After yesterday’s warmth with highs near the mid 80s, with three record temperatures tied or broken, a weak cold front moved through with the only noticeable change being slightly cooler temperatures. After a few isolated storms possible on Friday, warm and dry conditions will continue into the weekend, with a cold front approaching early next week bringing the first widespread rain event to the region in over half a month (image credit: NCEP MAG).
Wednesday, October 2 Observations:
An unseasonably warm air mass spread into the region, with mostly sunny skies, a west wind, and 850mb temperatures surging to near 14-15C. Along with the recent dry conditions, this resulted in unseasonably warm temperatures, peaking in the low to mid 80s for most of the area with eastern LI/SE CT in the mid-upper 70s and northeast NJ in the mid to upper 80s, breaking records in numerous locations. The highest temperature was 87 degrees in Teterboro, NJ, and the lowest high temperature was 76 degrees in Montauk, NY and New London, CT.
Today – Friday: Slightly Cooler; Isolated Storms Possible Friday
Last night, a weak cold front moved through the area, with little change other than slightly cooler temperatures and the wind direction briefly shifting to the NW this morning before returning to the southwest later today. Mostly sunny skies are expected to continue today with high temperatures peaking in the mid 70s to low 80s across the area. As a strong low pressure develops in the Midwest, which will be mentioned more in depth with the pattern analysis in the next section, a warmer air mass will spread towards the Great Lakes, with the cold front retreating back north as a warm front, expected to move through NYC on Friday. This will result in more widespread cloud cover and the possibility of isolated thunderstorms, especially north of NYC. High temperatures are expected to reach the upper 70s to low 80s from NYC and further west/south, with highs in the mid or possibly low 70s further north and east towards SE NY, Long Island and Connecticut, where the warm front will be slower to move through.
Weekend – Next Week: Rain Returns; Temps Stay Near-Above Average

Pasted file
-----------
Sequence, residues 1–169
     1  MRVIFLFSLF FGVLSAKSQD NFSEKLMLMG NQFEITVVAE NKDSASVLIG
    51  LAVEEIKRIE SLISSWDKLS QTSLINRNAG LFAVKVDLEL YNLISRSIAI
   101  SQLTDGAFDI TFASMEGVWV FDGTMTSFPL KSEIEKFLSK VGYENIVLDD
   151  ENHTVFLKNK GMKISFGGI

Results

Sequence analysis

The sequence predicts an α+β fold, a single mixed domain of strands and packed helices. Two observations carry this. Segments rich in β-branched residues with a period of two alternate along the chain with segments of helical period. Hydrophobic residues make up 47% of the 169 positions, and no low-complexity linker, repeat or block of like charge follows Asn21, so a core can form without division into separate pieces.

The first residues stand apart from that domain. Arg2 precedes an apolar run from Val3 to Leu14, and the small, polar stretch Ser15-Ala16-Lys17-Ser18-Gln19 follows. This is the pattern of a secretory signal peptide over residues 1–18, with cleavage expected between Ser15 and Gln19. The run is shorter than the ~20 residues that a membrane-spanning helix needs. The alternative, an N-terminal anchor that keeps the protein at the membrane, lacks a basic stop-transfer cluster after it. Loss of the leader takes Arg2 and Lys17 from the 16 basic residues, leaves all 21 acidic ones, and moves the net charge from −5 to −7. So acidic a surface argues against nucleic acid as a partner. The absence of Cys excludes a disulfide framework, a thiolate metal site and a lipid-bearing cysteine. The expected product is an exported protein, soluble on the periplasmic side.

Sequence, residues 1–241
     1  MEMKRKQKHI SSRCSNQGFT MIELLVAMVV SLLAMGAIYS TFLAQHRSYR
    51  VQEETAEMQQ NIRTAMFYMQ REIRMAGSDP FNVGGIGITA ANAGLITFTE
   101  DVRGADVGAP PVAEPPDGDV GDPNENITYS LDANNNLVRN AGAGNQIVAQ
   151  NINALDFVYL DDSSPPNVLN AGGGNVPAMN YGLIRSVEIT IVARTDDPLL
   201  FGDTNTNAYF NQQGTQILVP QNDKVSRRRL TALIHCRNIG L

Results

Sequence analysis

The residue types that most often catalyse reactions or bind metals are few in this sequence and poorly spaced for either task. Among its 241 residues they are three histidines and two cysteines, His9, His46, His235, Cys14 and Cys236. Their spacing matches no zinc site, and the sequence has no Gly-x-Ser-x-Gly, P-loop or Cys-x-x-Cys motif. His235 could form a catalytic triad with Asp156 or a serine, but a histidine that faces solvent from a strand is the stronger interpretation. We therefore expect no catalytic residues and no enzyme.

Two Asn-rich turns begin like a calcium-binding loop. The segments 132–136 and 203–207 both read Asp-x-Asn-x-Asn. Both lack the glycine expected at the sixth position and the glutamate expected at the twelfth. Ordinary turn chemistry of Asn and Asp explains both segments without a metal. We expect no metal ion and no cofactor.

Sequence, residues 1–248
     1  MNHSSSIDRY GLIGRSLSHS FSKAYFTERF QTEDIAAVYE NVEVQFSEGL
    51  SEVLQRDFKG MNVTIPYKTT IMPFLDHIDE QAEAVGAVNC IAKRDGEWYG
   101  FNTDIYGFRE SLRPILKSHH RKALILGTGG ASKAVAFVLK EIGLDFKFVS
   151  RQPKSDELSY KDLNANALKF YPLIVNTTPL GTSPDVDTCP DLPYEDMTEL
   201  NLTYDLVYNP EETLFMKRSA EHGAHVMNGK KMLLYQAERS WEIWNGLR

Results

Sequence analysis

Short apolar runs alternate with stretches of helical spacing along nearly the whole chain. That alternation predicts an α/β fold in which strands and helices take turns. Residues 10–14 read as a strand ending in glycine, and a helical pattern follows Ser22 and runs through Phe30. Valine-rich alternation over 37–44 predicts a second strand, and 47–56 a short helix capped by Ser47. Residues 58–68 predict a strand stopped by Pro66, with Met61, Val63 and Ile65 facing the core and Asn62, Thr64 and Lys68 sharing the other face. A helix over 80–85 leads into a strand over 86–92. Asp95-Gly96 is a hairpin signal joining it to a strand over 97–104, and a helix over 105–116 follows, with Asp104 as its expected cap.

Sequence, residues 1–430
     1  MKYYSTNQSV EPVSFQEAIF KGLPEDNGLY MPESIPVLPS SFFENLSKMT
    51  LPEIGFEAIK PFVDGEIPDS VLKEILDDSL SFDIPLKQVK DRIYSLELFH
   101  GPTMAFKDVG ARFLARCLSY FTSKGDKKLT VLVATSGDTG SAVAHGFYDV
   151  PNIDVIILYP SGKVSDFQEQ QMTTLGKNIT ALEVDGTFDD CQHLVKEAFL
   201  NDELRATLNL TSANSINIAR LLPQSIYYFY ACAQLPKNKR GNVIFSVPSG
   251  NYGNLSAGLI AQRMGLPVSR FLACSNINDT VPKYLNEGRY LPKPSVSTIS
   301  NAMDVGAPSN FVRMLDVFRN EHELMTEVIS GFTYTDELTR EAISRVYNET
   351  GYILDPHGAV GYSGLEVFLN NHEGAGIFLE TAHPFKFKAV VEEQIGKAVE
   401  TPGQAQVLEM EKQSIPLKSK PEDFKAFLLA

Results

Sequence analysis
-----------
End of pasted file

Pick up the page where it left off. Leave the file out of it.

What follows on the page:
Pattern Analysis: The current synoptic pattern consists of widespread ridging in the eastern half of the US with a strong trough digging into the northwestern US, which will become negatively tilted and briefly vertically stacked by Friday night. This will lead to the development of a relatively strong low pressure in the Midwest region, which is expected to result in a significant early season snowstorm in Wyoming and into parts of Nebraska and the Dakotas, and severe thunderstorms to its east. The trough will then continue to track northeast towards Canada, with the warm front that previously moved through on Friday holding in place as a stalled frontal boundary, likely staying near or northeast of NYC, and with the surface cold front approaching the region but slowing down due to persistent ridging near the western Atlantic Ocean.
Meanwhile, the Caribbean is being closely monitored as a strong tropical disturbance, labeled 97L, currently near the northeastern Yucatan Peninsula tracks northwest, and is likely to become the 11th named tropical storm of this year’s hurricane season; considering it is already at tropical storm strength, it would be named tropical storm Karen upon formation. Ridging will persist over the southeastern US and western Atlantic, with Karen being steered to the NW, then north along the western periphery of the ridging. The marginally favorable environment in the Gulf of Mexico is supportive of intensification into at least a moderate or possibly strong tropical storm, with landfall favored between eastern Louisiana and western Florida.
6z GFS at hour 90, representing the potential setup of the trough and 97L, subject to changes given the time range (Image credit: PSU e-Wall).
By that point, the interaction between 97L and the cold front becomes key regarding any potential impact on the region. The GFS is among the more progressive models, bringing 97L up the East Coast with a strong surface low pressure producing widespread heavy rain and wind; the ECM, however, is slower with the front, and keeps the heaviest rain with 97L well west of the area. An original source of these differences was the handling of the Midwest low pressure, with the GFS keeping the low moving due northeast, a much faster and less amplified scenario than the rest of the guidance which briefly stalled the low near Iowa/South Dakota and was slower to exit that region, with a slower frontal passage. The GFS did trend towards this scenario with the morning runs, but uncertainty continues regarding the exact orientation of the trough and the track, strength and timing of Invest 97L which will also have an impact on whether it is fully picked up by the trough keeping it well to the west, or interacts with energy left behind from the trough and tracks up the coast. Should 97L affect the area, it would likely be around Monday night into Tuesday with the possibility for heavy rain. There is still a fair amount of uncertainty at this time regarding 97L’s eventual track and setup that will play a role in how much rain the area gets and whether the heaviest rain stays near or west of the region, however, and the storm will continue to be monitored for potential impacts over the next few days.